It’s a concept as old as time, something that’s been around for as long as humans have had the ability to play games: cheating – a controversial topic, but something that many people do all the same.
It’s also true in the world of video games. Right from the early days of the PlayStation and Xbox, we’ve had cheat codes and secret shortcuts – often released by developers themselves. Today, with multi-player online games, we see cheating from all sides, whether it be using through using special software or game glitches to gain an advantage.
However, this begs a question. If there’s often no financial gain to be had, why do we do it? What causes us to become a cheater?
Examples of cheating
Modern video games are rife with cheating, to the point where many developers are fighting back against it. Games such as Call of Duty and PUBG are extremely complex and prone to glitches, something that cheaters can pounce upon. There are also a pre-meditated number of outcomes that the gamer can influence, something that would be impossible in a slot machine, for example, thanks to its use of random number generators to ensure a fair outcome.
Gamers use a range of techniques to illicitly gain the upper hand on their opponents, some of which are quite sophisticated and would have been impossible just a few years ago.
The use of bots, for example, is becoming more popular. An aimbot allows players to locate opponents automatically and shoot them with perfect accuracy: it’s often used alongside a TriggerBot, which means they don’t even need to press the shoot button. Other hackers exploit bugs in order to give them unlimited ammo, or the maximum level of armour and weaponry, further increasing their unfair advantage.
A more old-fashioned method, which may not even be possible in some modern games is known as ‘lag switching’. This is where a player can manipulate the connection as a host to give them an advantage – their victim would see their screen freeze, only to suddenly resume to see their character defeated.
But why do it?
Cheating in this way might seem pointless to many people. After all, most of the time there’s no financial advantage to be had. Even if there is, developers employ advanced anti-cheating apparatus to stop people getting their hands on extra loot, and there are even teams of gaming vigilantes who dedicate their time towards protecting the honour of popular video games by weeding out cheaters.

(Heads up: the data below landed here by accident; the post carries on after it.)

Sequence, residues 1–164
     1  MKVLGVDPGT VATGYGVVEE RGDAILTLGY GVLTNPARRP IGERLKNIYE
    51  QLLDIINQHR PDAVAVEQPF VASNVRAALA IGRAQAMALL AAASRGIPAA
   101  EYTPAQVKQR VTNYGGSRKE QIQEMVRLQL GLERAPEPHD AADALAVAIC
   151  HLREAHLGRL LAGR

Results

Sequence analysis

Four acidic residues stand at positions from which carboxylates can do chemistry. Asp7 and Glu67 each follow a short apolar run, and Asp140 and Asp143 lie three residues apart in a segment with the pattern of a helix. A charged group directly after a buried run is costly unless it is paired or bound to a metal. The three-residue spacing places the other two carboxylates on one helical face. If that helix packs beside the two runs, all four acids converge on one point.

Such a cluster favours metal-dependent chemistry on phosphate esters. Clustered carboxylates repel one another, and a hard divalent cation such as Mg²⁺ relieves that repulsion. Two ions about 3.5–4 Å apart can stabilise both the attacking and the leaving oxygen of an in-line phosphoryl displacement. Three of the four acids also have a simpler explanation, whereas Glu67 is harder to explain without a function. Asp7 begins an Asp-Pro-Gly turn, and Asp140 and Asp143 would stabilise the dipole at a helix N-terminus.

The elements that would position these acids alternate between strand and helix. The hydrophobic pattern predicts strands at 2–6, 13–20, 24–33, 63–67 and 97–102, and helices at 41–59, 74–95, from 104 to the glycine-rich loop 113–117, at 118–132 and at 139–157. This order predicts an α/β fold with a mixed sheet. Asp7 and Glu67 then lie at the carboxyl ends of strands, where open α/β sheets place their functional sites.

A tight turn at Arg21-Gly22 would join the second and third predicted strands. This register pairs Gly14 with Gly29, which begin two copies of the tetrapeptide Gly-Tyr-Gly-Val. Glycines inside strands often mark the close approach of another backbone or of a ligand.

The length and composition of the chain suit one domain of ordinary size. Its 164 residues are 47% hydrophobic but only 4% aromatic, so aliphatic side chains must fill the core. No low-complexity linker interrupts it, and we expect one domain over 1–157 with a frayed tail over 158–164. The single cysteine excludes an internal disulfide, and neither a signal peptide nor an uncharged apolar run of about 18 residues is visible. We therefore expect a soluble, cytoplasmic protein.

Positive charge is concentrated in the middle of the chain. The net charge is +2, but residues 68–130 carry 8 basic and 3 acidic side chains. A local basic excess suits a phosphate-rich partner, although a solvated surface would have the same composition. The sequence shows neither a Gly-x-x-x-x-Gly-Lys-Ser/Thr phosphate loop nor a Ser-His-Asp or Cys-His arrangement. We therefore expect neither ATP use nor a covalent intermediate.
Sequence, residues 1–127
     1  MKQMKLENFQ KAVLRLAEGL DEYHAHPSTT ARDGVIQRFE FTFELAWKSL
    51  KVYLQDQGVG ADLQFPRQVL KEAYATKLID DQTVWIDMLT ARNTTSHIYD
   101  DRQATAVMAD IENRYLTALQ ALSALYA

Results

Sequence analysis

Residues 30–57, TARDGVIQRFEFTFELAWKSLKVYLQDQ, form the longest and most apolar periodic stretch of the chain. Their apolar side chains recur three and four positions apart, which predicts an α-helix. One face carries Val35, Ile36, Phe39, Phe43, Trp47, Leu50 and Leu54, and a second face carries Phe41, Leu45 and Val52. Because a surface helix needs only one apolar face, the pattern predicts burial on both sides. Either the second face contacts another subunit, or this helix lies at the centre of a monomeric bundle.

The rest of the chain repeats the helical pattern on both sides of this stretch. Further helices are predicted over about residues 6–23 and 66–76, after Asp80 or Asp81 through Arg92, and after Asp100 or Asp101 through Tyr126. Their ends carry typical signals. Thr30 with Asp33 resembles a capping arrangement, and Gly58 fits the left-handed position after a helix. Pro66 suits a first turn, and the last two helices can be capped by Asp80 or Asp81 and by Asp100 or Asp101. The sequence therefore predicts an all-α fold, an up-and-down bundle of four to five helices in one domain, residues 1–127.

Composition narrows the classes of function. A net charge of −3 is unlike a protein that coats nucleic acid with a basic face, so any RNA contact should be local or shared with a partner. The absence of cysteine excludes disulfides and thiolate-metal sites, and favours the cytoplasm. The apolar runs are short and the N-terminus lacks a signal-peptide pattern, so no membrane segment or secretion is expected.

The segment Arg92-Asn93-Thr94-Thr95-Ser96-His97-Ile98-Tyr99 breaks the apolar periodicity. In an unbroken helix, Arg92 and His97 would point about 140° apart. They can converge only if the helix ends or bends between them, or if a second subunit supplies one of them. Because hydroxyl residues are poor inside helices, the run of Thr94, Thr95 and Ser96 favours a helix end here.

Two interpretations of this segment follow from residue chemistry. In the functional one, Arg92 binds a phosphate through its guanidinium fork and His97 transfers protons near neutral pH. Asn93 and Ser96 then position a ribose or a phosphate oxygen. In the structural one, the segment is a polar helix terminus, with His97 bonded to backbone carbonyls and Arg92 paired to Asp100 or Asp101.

Well, the reasons tend to be more psychological than financial. Players want to acquire ‘status’ within the game, whether that’s achieving a higher rank in games like COD, or special equipment, or simply just showing off to other players. Being seen to be ‘the boss’ is a much sought-after badge of pride, and in an increasingly digital world it has taken on a much higher importance than in the past.
Such status symbols go hand-in-hand with self-esteem, of course. Just like owning a Porsche might boost its owner’s ego in the real world, reaching the highest level of a video game also feeds a gamer’s feeling of self-worth. Modern games are highly realistic and immersive, so that the physical and virtual worlds often feel intertwined: many players place more value in online ‘achievements’ than they do in real-life success.
Another important factor to consider is a lack of social consequences to immoral behaviour online. Whereas in real life you might feel a sense of shame when caught cheating at Monopoly by your friends, why would you care what a bunch of internet strangers think? Seeing them as avatars rather than real people with feelings reduces any feeling of guilt when gaining the upper hand over them.
You’re hardly going to be fined, either, as you would be for breaking the speed limit on a bricks-and-mortar road, for example. And then, of course, there’s perhaps the simplest reason of all – sabotage. Many gamers cheat for the hell of it, to enjoy the chaos they create and watch their opponents suffer. As Alfred says in The Dark Knight: ‘some people just want to watch the world burn’.
How developers are fighting back
Reducing cheating in video games is in the best interests of gaming companies, of course. Not only does it affect their reputation, but it also directly hits their revenue: if a game is known for its rule-breakers, why would people want to play it?
While taking legal action against players is complicated and expensive – although Epic Games has done it several times – employing state-of-the-art detection algorithms is proving to be extremely effective. To use the example of Epic, their anti-cheating tool caught over 1,200 cheating accounts in their Fortnite World Cup tournament in 2019. These accounts were banned and some of them had their cash prizes revoked.
What’s more, machine-learning technology promises to bolster detection efforts further. ML algorithms analyse player usage patterns and catches offenders red-handed, at the exact moment that they cheat. They might even be able to predict potential cheaters and spot incidents before they happen.
If such advanced methods are adopted across the video game industry, then it could become a question of HOW can gamers cheat rather than WHY gamers cheat within the near future.
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